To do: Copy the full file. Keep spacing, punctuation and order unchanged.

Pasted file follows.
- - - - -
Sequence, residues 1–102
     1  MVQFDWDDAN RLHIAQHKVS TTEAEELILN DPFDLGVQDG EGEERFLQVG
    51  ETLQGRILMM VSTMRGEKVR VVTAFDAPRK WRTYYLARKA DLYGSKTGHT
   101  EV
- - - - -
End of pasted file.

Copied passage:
Sequence, residues 1–102
     1  MVQFDWDDAN RLHIAQHKVS TTEAEELILN DPFDLGVQDG EGEERFLQVG
    51  ETLQGRILMM VSTMRGEKVR VVTAFDAPRK WRTYYLARKA DLYGSKTGHT
   101  EV